Monday, April 30, 2007

Residents speaking up

Say I work in a shop and I have clients who buy merchandise from this shop. Now should any of these clients have a problem with my service, or are not happy with my merchandise and they complain to me, I'll take this seriously. After all, if not, they may complain to my boss who owns the shop about me and I might get fired. So it's in my interest to keep my clients happy.

Now say someone else walks into the shop and they have several things they're unhappy about and they bring them to my attention. They don't buy anything and aren't clients. If I have the time (or I'm a smart employee and want to keep everyone happy), I'll take their feedback into account. However if I'm not so far-sighted, or if I already have too many clients to handle I may disregard the complaints from this third party. After all, this person is not a client - and if I am keeping my clients happy and not able to cope with other third parties, I can't be blamed.

The point of this analogy is this : substitute the employee in the shop for TC officers, the clients as residents and the third party who doesn't buy anything for CWS and you'll see what I'm getting at.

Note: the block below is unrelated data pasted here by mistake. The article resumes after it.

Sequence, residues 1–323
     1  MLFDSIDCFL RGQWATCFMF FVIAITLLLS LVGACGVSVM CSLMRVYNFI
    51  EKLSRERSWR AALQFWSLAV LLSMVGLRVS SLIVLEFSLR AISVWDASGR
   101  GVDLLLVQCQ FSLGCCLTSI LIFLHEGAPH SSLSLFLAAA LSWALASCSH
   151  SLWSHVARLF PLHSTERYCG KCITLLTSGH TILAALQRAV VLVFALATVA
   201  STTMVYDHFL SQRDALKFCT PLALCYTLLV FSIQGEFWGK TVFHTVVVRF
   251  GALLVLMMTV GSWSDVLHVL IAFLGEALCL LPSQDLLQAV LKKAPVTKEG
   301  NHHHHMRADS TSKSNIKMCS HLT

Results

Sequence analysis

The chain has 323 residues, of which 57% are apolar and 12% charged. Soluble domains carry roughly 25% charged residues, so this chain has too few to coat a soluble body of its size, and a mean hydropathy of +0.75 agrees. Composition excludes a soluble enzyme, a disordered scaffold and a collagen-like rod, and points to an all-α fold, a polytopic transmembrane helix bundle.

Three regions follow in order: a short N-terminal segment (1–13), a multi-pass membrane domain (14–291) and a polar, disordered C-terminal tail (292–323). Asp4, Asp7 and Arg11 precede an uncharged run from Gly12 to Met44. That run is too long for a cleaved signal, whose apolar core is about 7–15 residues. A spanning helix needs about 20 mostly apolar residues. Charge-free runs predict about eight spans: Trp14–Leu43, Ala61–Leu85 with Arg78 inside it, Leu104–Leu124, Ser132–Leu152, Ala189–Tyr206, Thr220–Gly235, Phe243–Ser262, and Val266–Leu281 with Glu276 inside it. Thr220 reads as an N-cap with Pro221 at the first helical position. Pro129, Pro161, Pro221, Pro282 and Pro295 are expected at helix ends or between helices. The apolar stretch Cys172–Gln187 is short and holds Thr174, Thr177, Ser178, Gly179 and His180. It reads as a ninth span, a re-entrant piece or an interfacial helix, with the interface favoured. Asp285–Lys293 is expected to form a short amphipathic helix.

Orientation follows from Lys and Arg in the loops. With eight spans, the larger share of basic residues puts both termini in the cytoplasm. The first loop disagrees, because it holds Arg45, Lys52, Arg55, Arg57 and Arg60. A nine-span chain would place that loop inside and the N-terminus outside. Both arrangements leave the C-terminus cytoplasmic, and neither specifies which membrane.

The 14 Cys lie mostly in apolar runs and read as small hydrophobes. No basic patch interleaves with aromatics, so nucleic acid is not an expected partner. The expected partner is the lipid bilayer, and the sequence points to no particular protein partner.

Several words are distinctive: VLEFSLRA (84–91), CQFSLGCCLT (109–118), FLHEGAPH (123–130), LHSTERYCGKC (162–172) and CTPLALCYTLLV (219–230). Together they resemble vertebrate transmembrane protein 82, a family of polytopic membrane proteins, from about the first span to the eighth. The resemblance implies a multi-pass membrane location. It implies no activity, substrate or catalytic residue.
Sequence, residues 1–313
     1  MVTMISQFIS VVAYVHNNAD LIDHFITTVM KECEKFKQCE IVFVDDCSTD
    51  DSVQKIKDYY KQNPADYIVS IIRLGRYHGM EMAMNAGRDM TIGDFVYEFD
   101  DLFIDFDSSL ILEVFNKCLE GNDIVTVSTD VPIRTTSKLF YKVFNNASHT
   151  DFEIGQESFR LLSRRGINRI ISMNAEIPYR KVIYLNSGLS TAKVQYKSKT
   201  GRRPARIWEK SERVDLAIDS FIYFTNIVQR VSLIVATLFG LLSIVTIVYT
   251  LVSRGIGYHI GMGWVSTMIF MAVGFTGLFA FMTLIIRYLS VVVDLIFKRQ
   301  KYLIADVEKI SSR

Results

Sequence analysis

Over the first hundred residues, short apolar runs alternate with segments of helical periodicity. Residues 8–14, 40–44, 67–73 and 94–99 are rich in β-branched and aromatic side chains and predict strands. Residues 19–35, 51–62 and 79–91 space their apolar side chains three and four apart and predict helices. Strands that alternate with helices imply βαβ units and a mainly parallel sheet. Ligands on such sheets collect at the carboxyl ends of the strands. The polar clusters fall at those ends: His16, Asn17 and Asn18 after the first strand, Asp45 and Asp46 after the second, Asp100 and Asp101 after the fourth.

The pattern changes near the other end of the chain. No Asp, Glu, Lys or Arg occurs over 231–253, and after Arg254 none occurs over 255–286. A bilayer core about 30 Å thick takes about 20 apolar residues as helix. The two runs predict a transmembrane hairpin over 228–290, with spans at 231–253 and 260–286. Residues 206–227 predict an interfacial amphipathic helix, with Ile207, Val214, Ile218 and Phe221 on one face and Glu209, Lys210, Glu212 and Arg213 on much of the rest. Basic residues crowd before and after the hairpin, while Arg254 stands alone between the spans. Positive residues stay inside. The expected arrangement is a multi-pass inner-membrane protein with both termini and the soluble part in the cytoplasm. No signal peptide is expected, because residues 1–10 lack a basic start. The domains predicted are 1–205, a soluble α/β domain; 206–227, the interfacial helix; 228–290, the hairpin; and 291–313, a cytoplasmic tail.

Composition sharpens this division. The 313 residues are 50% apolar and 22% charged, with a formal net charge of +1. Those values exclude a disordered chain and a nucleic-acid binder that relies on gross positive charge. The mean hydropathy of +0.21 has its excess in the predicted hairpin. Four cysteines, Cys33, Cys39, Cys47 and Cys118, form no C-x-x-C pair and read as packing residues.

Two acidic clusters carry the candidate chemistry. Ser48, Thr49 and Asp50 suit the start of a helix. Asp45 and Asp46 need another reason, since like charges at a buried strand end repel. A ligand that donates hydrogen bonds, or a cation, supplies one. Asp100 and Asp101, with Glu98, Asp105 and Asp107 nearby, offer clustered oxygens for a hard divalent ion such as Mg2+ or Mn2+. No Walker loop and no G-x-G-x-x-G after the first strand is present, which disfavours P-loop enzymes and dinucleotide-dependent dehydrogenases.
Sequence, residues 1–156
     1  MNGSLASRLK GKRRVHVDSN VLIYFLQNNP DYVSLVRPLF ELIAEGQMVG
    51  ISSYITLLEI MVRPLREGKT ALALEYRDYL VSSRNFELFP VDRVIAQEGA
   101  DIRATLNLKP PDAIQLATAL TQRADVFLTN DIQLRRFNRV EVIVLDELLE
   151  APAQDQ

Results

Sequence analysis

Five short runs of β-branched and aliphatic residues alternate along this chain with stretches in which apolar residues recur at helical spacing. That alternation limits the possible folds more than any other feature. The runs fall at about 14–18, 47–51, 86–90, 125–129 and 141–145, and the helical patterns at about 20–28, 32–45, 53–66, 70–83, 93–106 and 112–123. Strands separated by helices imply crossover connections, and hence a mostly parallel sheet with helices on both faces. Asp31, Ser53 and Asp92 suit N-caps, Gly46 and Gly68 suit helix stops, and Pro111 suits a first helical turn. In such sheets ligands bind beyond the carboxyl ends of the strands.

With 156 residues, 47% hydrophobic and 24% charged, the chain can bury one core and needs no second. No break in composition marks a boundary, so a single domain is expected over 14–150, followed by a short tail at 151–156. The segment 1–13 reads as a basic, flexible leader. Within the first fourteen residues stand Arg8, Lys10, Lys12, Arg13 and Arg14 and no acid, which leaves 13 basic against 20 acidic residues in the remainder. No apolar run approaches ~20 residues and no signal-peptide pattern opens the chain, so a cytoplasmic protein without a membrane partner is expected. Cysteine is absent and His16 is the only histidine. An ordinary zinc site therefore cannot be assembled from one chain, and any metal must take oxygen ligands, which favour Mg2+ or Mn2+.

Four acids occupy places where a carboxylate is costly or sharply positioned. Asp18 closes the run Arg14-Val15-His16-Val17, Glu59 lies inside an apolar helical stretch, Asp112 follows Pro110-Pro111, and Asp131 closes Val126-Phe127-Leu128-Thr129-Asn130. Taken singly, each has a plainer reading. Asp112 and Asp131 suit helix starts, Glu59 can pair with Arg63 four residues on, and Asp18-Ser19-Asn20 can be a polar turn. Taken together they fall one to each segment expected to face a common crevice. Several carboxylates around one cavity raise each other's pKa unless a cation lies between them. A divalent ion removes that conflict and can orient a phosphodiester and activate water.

I spoke with some people today who kept saying that since we're CWS we have a certain amount of power among the TCs and I told them that they're mistaken. The reason that most TC officers and TCs even speak with us is that we are calling to speak with them about their residents - ie caregivers who live in their estate. Of course they're usually happy if we are able to come up with solutions to their problems, but if they have a very angry resident who wants the cats removed, versus CWS asking them please not to do so, most of the time, they'll listen to the resident.

This is why it's so important for residents to speak with their officers. One woman today told me that she did not know why the cats were caught. It turns out she and the others in her area all liaise with the officer through another woman, who often cannot be reached so she has no idea if there were complaints in her area. I told her that she should let her TC know that she is there and willing to help.

Another wanted us to pass a message to her TC because we're CWS - I told her it's more important that she's a resident and they'll take what she says seriously.

We're more than happy to help caregivers and TCs but TCs are sometimes in a difficult position as well. If it's perceived that their residents are complaining about the cats and want them removed, and no one is speaking up FOR them, then it puts them in a tough spot.

It's also not a good idea to do a 'surprise attack' on a TC. A feeder arranged a meeting for Wednesday and he wants us to come, but he (1) did not tell the TC he asked us and (2) did not even tell the TC what he wanted to see them about. Be upfront with your TC just as you expect them to be with you.

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